Frith, Fred - Prints


Year of Release: 2003
Label: ReR Recommended
Catalog Number: FRA02
Format: CD
Total Time: 41:41:00

Let's play a little game, shall we? It's called word association. That one in which someone says a word and another person says whatever comes to mind first. Except this one has a slight catch. Only I'm playing, and no one's being sent to a sanitarium anytime soon. At least in the nearby vicinity. Ready? Here we go: Fred Frith - songs. Now children, who can say why yours truly has just hit rock bottom as far as the guidelines of common sense and human intelligence go? Exactly. Frith and song don't go together, or at least they don't seem to very often. But if there's yet another valuable lesson to be learnt in life, that is, apart from breathing, it's that there's an exception to every rule. And dear Mr. Frith, no stranger to the fine art of pulverizing them, has just gone overboard again: out of the twelve tracks that comprise Prints, nine are actually songs. Hold on to your guts kids. Chances are hell is freezing over right this very second.

Or perhaps not. At first sight, the Frith aficionado with no previous knowledge of any of the work contained herein would perhaps feel a retching sensation after seeing the name Burt Bacharach included somewhere. After hearing how the tribute cover song "Trains & Boats & Planes" does include all the catchiness and basic themes of the original but awkwardly enough mutates them by means of unexpected overlapping and a few other surprises, however, things could be different. Quite different. Because the charm of the entire record, or at least of its vast majority, comes from not only from its songs' incredibly accessible and catchy nature, but also from the curveballs that they feature. There's some implicit polyrhythm in the overlapping of the aforementioned Bacharach tribute, some hidden string dissonance in the very background of "Life Of A Detective," the simple odd time signature of the otherwise perfectly danceable beat of "Reduce Me," and so on. In layman's terms: your mom and friends could probably hear most of it, but you could, too. Now start getting ready to throw yourself a party with all your acquaintances. Just don't bring the pretentiously boring ones.

Why not? Well, because there isn't quite anything that they would like, save for maybe the typically Frith guitar improvisation of "Spot." Otherwise, not even the fact that a good number of the songs on Prints were completely improvised with samples and newspaper texts will convince them of hearing the hysterical slap-happy fun of a track such as "True Love," which brings to mind a comedy about a girl that dumps some dumb rich guy who thinks she's only in it for the money. Nah, they wouldn't even smile at the forlorn and spare piano sadness of "In The Winter Of '64," or at the touching polyrhythmic guitar beauty of "Trocosi" and the way in which it transforms midway into what sounds like a dobro improvisation. Not even the slow and sad spy sexiness of "The Ballad Of Melody Nelson," the apocalyptic doom pangs of "I Want It To Be Over," or the folky fiddles at the end of "Life Of A Detective" would raise their eyebrows. So do us all a favor, keep 'em out, and enjoy yourself. It's just too bad they didn't realize how every catchy theme on the record ends up being strangely warped at one point or another.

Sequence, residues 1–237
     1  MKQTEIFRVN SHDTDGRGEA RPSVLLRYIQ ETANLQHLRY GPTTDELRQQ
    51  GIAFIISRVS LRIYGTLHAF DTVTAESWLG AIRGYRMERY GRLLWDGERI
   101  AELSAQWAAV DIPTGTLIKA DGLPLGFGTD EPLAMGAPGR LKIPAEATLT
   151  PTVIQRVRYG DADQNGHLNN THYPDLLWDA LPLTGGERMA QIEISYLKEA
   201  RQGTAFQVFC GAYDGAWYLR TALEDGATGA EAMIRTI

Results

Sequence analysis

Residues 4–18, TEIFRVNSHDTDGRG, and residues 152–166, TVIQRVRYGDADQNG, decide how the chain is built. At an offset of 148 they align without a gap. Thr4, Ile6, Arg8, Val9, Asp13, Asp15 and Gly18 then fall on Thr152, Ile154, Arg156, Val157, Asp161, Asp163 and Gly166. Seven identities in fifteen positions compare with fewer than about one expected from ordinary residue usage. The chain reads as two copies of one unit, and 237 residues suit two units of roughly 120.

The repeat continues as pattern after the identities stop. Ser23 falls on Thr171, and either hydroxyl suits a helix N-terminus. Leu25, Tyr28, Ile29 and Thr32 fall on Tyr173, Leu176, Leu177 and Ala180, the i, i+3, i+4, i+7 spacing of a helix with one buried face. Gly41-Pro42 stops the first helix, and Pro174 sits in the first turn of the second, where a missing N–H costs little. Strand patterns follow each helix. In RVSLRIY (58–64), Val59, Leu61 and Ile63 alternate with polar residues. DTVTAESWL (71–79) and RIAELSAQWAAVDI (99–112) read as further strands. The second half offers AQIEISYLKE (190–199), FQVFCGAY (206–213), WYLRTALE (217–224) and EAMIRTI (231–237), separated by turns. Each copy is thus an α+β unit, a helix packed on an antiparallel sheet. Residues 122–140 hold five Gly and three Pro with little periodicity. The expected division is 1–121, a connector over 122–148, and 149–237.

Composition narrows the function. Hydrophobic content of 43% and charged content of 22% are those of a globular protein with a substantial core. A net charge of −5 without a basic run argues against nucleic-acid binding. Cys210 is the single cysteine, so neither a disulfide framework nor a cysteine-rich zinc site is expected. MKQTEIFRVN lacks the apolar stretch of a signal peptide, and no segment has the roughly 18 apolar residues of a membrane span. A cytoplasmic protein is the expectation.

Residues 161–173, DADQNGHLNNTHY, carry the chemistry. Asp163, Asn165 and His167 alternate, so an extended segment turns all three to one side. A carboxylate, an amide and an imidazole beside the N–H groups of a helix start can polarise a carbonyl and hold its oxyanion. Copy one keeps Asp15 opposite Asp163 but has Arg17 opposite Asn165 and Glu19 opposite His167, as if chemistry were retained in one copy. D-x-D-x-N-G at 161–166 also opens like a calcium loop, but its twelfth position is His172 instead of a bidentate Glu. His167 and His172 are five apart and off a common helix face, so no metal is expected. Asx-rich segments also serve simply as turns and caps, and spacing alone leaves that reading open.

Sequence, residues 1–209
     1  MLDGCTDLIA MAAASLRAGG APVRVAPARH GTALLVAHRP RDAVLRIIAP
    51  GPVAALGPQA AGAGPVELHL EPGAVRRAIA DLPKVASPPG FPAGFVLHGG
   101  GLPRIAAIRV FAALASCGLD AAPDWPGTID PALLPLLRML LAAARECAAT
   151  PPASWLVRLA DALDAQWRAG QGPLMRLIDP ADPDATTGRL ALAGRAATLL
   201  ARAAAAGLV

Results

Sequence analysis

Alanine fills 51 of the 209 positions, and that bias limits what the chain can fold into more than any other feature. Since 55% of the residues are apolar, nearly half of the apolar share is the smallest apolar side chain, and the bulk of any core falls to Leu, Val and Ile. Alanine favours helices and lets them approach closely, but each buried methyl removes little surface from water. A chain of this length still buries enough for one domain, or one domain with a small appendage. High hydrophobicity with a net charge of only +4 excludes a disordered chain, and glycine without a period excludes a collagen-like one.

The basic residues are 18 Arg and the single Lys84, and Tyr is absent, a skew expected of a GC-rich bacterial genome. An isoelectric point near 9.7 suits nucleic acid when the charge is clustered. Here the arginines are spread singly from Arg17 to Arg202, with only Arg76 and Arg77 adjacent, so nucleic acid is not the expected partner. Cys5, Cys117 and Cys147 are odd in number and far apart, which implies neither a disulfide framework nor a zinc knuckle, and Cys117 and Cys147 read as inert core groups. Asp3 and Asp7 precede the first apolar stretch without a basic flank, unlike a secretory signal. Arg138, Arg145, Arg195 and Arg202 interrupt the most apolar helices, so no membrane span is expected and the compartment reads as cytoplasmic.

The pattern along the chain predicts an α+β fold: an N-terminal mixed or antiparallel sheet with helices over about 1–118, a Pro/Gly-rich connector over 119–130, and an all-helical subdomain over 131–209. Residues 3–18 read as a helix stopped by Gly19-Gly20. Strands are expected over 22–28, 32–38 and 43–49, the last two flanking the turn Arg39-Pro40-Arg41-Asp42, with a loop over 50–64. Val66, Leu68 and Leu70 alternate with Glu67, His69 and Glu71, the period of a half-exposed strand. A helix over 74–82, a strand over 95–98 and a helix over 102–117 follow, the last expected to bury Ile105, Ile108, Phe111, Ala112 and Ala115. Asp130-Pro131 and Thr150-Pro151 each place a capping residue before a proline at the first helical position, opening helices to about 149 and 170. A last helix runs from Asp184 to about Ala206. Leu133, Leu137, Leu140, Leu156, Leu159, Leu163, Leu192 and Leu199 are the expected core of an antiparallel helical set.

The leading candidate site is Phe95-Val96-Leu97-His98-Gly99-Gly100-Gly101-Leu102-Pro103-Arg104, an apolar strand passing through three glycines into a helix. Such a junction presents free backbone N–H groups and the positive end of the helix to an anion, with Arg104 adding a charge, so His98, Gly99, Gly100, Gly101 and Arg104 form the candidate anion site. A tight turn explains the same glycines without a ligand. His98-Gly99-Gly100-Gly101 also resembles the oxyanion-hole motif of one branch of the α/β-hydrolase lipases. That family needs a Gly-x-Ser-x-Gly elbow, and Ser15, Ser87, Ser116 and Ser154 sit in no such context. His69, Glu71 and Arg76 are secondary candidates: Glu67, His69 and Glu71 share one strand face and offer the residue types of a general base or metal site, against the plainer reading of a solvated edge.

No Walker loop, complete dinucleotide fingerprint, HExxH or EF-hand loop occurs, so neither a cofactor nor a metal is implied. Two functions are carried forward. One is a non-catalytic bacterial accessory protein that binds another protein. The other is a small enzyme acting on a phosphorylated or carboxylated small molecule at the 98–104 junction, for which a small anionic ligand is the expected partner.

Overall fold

And it's their loss, really. While Prints may be considered softcore Fred Frith by many, there is no way to fault the levels of general excitement that the album produces along its way with strong poignancy. It can be a Super Mario Brothers giddy mood, a jerky syncopated feel, an African chant sentiment, or what have you, but whatever it is, it's bound to tug at one's heart. And the true magic of the record is that despite the twisting that some themes endure throughout, and despite the fact that some things seem to have been left slightly off with the purpose of making the music seem more spontaneous, it always hits close to home one way or another. Softcore Frith or no softcore Frith, this one's a keeper. A clever, immediate, and unforgettable keeper.


Tracklisting:
Trains & Boats & Planes (5:07) / Stones (2:02) / Fingerprints (3:50) / Life of a Detective (3:13) / The Ballad of Melody Nelson (2:01) / Trocosi (4:36) / Reduce Me (5:48) / Levity (2:36) / True Love (2:56) / I Want It To Be Over (3:01) / Spot (4:38) / In The Winter Of '64 (1:48)

Musicians:
Fred Frith - instruments, samples, and voices
Guest musicians:

Bernd Lehmann - clarinet
Mike Johnson - voice
Dave Kerman - voice
Sebastian Gramms - acoustic bass
Alexandra Schulz - voice
Sheena Dupuis - voice

Discography:
Selected Works:

Henry Cow - Unrest (1974)
Henry Cow - Concerts (1976)
Henry Cow - Western Culture (1978)
Art Bears - Hopes And Fears (1978)
Art Bears - Winter Songs (1979)
Gravity (1980/2002)
Art Bears - The World As It Is Today (1981)
Memory Serves (w/Material) (1981)
Massacre - Killing Time (1981)
Who Needs Enemies? (w/Henry Kaiser) (1983)
Skeleton Crew - Learn To Talk (1984)
skeleton Crew - The Country Of Blinds (1986)
Nous Autres (w/Rene Lussier) (1987)
Dropera (w/Ferdinand Richard) (1990)
Death Ambient (w/Ikue Mori & Kato Hideki) (1995)
The Guitar Quartet - Ayaya Moses (1997)
Synesthesia (w/Mori & Hideki) (1998)
Massacre - Funny Valentine (1998)
The Guitar Quartet - Upbeat (1998)
Massacre - Meltdown (2001)
Accidental (2002)
Keep The Dog - That House We Lived In (2003)
Prints (2003)
The Sugar Factory (w/Evelyn Glennie) (2007)
Drunken Forest (w/Mori & Hideki) (2007)
Massacre - Lonely Heart (2007)
See complete discography here

Genre: Rock In Opposition

Origin UK

Added: September 8th 2003
Reviewer: Marcelo Silveyra
Score:
Artist website: www.fredfrith.com
Hits: 498
Language: english

  

[ Back to Reviews Index | Post Comment ]